“There are screening teams to determine whether prospective vaccine recipients, including persons with disabilities, can receive the vaccines or [should there be particular conditions] have to be postponed,” he further added.
Nuning of Organisasi Harapan Nusantara OHANA Yogyakarta mentioned that she also faced challenges while giving vaccinations to persons with disabilities. Although the vaccination was given in partnership with the Indonesian Ministry of Health, parents or special needs sitters are still nervous. They are afraid of any risks that the vaccines may have to their relatives who have disabilities. It is because persons with disabilities usually carry comorbidity. Based on her experience, the team has to wisely give understanding to the families and convince them to take the vaccines.
“We have to convey the understanding to their [persons with disabilities] relatives, to those who are close to them. We have to tell them the advantages of getting the vaccines. [It will be easier to use the closest people to persons with disabilities] because if we explain it to them directly, it might not be easy,” she said.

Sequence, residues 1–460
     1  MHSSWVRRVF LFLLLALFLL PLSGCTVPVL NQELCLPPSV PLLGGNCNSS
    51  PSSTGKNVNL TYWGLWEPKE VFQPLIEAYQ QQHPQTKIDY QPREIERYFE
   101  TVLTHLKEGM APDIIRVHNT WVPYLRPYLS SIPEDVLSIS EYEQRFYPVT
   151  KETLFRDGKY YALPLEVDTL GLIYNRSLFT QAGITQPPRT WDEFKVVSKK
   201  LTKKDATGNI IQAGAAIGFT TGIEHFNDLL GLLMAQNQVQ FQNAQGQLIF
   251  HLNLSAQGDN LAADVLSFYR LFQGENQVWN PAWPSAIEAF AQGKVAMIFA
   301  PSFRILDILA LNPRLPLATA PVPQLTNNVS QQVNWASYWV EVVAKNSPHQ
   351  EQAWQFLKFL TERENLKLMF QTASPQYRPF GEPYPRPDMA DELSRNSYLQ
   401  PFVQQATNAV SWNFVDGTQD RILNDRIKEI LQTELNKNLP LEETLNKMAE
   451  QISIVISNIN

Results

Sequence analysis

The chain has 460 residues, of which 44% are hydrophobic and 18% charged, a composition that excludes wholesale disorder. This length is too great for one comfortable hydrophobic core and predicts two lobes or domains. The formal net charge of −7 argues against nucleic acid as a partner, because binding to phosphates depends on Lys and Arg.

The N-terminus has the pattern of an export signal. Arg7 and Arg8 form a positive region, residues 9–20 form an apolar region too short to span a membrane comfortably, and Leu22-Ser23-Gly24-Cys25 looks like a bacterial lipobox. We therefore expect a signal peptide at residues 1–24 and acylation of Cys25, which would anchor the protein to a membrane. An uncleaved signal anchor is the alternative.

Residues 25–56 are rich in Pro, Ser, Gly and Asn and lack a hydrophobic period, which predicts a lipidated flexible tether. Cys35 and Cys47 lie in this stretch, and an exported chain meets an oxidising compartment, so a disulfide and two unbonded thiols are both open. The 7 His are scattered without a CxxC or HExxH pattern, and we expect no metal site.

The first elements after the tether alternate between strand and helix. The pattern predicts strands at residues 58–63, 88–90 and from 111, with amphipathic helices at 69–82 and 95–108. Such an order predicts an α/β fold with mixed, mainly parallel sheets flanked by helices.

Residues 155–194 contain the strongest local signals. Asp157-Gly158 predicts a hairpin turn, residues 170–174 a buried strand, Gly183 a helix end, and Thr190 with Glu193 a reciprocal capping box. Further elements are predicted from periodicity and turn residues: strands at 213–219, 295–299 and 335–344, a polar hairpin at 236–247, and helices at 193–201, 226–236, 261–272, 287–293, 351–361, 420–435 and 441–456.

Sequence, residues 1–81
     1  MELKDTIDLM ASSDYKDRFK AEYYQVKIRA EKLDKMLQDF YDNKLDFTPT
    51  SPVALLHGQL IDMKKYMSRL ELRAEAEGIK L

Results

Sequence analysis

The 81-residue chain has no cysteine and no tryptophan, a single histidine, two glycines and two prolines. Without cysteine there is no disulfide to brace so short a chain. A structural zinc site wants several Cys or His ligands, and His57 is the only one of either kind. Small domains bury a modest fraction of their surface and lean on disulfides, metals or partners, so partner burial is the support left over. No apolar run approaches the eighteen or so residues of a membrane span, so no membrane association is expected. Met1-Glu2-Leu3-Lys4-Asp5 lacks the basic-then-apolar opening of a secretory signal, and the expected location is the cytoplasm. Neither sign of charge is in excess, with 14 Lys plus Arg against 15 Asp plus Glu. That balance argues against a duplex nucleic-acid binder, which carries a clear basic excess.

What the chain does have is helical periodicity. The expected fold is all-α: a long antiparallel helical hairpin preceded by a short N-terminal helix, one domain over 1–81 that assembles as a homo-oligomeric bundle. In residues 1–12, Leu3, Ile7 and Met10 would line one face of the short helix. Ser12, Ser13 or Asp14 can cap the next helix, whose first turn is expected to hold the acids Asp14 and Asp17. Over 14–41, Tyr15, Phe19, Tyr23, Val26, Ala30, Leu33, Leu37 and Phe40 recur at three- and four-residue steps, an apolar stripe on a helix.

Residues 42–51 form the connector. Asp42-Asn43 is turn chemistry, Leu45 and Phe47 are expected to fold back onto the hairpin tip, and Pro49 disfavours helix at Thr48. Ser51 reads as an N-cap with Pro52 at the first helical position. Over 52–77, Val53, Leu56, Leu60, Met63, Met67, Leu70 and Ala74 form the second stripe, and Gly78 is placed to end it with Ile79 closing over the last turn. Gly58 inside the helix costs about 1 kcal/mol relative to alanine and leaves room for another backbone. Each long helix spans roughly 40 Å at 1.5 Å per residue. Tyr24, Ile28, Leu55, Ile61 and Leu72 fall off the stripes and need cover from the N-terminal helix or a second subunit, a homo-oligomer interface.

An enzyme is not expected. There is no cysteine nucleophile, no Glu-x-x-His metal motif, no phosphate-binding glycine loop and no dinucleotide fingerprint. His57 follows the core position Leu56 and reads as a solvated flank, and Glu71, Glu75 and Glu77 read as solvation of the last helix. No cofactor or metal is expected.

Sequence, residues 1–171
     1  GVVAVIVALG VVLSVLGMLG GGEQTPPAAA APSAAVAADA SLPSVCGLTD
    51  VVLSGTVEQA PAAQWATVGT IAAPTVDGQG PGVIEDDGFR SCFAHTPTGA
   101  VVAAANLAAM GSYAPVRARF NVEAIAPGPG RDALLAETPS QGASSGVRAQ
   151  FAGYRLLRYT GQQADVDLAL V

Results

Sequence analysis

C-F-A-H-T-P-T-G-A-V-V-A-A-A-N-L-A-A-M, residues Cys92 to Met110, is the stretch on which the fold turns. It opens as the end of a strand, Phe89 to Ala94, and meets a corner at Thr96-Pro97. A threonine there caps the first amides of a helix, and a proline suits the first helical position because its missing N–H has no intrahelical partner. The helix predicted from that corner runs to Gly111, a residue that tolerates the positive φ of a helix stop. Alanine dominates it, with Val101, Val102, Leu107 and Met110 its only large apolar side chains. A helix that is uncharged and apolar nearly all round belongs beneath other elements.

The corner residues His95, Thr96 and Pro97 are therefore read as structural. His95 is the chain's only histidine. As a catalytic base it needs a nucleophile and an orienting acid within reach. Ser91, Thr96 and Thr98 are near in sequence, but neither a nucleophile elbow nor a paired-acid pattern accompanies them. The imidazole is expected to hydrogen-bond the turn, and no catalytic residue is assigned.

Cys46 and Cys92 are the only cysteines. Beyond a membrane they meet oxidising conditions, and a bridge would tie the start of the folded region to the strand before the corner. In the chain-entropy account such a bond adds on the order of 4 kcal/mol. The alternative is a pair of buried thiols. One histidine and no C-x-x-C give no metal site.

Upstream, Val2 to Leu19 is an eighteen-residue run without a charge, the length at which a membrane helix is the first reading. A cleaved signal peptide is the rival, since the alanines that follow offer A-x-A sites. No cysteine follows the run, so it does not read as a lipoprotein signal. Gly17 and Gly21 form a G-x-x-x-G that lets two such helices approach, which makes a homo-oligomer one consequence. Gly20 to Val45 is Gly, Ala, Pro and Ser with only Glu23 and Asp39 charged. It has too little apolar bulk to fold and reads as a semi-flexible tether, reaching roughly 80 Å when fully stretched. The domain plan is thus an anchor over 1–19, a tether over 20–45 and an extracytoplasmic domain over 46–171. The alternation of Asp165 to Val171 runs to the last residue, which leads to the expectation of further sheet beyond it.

Nuning further mentioned that she worked together with a team of doctors and psychologists. Using recorded videos, they conveyed the advantages of vaccines to persons with disabilities. Since then, they have been using recorded videos as dissemination media at gathering places for persons with disabilities.